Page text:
“Then there’s the recording stage, which is always a good feeling—hearing your record—it’s a good feeling. Then, there is certainly a mindset of going out on tour, going from living by yourself in a one bedroom apartment to a bus with 12 people,” she jokes before noting: “It’s chaos and you’re never alone.”
Momsen may only be in her early twenties, but for someone who was put into modelling at age 2, and was a teenager when she starred in a primetime drama hit (Gossip Girl), it’s not all that shocking she has such a strong, mature footing.
Her early-on stardom was a big hurdle that the band had to overcome when they released their first record, Light Me Up, because for those who knew Momsen through her TV persona, it was kind of a mind-screw to realize Jenny Humphrey didn’t exist anymore. Although, let it be known that like in real life, her on-screen character was starting to evolve into darker territory as she neared her final season on the show.
“I’m always growing. I mean, everyone is always growing, but I’m not a teenager anymore,” says Momsen.
“I was 15 on the first record, and now we don’t feel like spring chickens anymore,” jokes Momsen. “But we’ve been a band for almost 10 years now. We’ve grown as a unit, and individually, and the fact that we are still here: it’s family, it’s a tight unit.”
“I’m either by myself or I’m with the band, that’s my life.”
The camaraderie is real with each member’s crude sense of humour bringing out “the most disgusting jokes with each other,” but that connection doesn’t fade when the tour ends.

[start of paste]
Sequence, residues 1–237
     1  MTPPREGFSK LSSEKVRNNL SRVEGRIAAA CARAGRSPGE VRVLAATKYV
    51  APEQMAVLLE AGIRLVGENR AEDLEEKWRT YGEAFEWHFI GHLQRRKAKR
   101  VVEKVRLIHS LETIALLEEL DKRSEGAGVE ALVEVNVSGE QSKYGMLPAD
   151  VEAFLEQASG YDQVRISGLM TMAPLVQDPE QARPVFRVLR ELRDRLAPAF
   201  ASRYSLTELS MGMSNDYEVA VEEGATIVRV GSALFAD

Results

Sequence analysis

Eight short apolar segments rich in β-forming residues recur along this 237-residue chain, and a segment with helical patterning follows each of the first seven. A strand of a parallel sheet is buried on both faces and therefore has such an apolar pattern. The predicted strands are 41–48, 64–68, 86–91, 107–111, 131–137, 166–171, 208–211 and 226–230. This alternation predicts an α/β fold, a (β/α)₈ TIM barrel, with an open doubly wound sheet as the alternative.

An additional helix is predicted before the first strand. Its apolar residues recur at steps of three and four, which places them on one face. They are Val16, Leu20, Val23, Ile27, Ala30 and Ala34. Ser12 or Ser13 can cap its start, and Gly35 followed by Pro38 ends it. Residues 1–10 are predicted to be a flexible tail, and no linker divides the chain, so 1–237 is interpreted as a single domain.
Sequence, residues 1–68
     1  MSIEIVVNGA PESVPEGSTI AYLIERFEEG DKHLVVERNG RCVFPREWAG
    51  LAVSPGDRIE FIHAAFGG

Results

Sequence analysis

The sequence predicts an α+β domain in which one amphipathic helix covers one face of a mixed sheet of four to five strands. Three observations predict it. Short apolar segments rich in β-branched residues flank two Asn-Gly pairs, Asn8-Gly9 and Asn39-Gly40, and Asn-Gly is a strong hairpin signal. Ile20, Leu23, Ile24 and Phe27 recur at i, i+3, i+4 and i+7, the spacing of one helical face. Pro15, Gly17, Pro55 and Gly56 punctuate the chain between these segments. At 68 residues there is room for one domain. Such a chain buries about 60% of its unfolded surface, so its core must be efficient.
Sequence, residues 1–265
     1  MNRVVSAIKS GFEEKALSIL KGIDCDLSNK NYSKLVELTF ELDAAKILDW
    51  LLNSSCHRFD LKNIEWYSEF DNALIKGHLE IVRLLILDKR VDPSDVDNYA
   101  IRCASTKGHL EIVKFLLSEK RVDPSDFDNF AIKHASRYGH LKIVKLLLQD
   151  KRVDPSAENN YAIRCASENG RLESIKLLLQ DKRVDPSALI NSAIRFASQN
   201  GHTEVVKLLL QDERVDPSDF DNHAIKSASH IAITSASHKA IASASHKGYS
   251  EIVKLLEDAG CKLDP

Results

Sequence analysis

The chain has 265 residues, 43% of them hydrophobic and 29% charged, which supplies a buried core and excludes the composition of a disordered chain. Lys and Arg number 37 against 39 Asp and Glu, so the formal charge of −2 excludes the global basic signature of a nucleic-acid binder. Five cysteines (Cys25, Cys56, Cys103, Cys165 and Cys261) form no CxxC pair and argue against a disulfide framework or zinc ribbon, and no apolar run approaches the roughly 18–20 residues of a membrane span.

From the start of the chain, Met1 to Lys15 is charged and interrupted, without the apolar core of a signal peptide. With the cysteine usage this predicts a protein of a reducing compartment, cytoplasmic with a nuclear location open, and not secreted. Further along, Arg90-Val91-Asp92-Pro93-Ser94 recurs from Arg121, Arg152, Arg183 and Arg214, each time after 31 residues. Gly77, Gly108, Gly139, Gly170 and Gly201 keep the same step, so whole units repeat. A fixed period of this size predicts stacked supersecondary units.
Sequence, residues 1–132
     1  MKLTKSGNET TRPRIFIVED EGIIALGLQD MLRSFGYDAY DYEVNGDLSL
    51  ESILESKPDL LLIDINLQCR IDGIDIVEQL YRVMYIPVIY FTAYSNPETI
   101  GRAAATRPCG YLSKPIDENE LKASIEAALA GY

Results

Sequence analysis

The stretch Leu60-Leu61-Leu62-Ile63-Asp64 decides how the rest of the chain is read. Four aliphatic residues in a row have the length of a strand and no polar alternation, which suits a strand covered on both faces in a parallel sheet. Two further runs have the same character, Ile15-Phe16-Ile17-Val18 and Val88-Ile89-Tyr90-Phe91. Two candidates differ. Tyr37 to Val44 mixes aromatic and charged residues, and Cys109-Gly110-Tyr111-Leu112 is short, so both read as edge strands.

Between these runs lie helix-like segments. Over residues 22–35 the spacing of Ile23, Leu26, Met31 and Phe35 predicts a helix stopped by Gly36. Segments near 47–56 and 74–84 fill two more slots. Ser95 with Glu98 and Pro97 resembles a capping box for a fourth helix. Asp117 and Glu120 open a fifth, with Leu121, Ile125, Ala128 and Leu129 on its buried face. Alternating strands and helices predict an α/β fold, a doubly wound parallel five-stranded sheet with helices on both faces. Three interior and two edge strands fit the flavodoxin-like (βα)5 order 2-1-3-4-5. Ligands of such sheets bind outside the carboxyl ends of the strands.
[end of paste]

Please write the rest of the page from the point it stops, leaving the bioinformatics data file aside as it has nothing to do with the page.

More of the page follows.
“The funny thing is when we get off tour and people are like ‘when are you going to see your friends?’” says Momsen, laughing. “Within a couple of days off tour, I’m already calling our drummer and being like ‘hey you wanna hang out?’ I’m either by myself or I’m with the band, that’s my life.”
What You Selling For is ripe full of supporting talent from outside of the immediate group, too; not every band can reel in artists like guitarist Warren Haynes, who plays on “Back to the River.”
“That was very exciting for us,” says Momsen.
“We had written ["Back to the River”], and after recording it we were sitting there thinking, ‘what’s this missing? It’s missing Warren Haynes,’” she explains. “So we called him up, sent the song and he said he’d listen and see what he thought. Then he agreed, sent back his track and well… he brought that song to a whole new level; he delivered, to say the least.”